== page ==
So you’ve got this far - You’ve become accustomed to the workings of your machine and you’ve been pretty chuffed with your makes. Where next?... Keep reading, absorbing, learning and most importantly sewing.
Instagram / blogs
If you haven’t already become a instagrammer - create that perfect sewing themed name and virtually meet other like minded individuals. Not only will you be inspired and enlightened by what you see you will pick up tricks and tips about particular sewing patterns or fabric. This is also a great way to see what you want to make next!
Try out some indie patterns
As well as the big four pattern companies there are some great indie pattern labels to try out. The trouble is there really are so many to choose from, what an awesome problem to have. Take a look at Sew Over It, Style Arc, By Hand London, Friday Pattern Company, Tilly and the Buttons, Deer and Doe and Charm Patterns by Gertie to name just a few! Some will only offer a .pdf download and others will offer the paper pattern or both. Why not combine your new instagram presence and desire to try out some indie patterns and join the Sew My Style 2018 challenge http://likesewamazing.com/sewmystyle-2018-launch
My latest make using the Sew Over It - Zoe dress pattern.
Sign up to a Sewing Magazine
Consider signing up to a sewing magazine, there are always interesting articles. Threads magazine has a whole host of useful sewing articles, such as how to make a mitred pocket welt or how to sew crisp clean collars. In addition there are many threads videos on industry techniques and threads sewing tips.
Invest in some really good text books that you can refer to. Consider Helen Joseph Armstrong for Pattern Making, Fit For Real People by Pati Palmer and Marta Alto for pattern alterations, Gertie's Ultimate Dress Book, Sewing With Knits and Stretch Fabrics by Sharon Czachor for, you guessed it, sewing with knits. All of these are examples of great go to books. These will become your bible when you’re going it alone.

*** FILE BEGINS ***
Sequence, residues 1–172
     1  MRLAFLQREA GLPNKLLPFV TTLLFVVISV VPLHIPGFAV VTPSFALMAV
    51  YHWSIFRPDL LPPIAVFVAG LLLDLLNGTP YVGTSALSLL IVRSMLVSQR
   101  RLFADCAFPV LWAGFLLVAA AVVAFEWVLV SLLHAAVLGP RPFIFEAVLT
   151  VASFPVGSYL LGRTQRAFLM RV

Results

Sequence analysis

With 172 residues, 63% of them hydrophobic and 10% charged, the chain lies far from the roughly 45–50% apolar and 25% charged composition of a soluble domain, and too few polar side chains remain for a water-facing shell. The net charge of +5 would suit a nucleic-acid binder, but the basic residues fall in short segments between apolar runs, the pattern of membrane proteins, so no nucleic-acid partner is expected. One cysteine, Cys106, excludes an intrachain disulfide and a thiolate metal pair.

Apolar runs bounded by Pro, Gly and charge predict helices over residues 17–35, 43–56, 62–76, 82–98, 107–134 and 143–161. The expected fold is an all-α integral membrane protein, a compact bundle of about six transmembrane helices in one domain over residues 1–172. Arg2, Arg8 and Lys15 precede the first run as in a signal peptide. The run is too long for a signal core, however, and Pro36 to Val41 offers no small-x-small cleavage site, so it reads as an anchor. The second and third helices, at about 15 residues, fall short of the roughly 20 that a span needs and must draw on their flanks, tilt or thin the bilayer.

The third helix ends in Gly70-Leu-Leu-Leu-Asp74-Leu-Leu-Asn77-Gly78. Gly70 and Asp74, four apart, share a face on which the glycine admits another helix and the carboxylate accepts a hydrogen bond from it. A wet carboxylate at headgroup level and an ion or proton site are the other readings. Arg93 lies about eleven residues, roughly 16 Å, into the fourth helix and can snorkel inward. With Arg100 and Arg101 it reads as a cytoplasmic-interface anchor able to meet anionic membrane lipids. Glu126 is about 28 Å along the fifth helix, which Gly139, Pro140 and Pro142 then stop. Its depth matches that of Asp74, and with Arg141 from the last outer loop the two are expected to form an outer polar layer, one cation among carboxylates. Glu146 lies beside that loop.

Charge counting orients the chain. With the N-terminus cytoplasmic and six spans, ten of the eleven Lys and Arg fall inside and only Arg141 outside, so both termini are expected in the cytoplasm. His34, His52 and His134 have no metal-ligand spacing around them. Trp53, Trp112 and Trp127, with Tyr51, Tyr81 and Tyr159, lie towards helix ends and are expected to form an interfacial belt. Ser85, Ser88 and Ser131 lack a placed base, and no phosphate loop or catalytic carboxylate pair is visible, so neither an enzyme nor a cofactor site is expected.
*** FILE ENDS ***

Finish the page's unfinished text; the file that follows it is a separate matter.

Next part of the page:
Keep it social
Sewing can feel a little isolated, however these days there are lots of social sewing groups around, where you will meet people with a similar interest. Not only will you be able to talk to other like minded people you can discuss the best way to approach your next project and you may even find a super experienced sewist willing to offer free advice. If you can’t find one in your area consider starting one. All you need are a few like-minded individual keen to meet at the same time once a month with a space big enough for a few machines. That way it turns what can feel like a solitary hobby to a fun and social one too. After all sewing is as much about the journey as it is the end product and perhaps you prefer travelling with friends.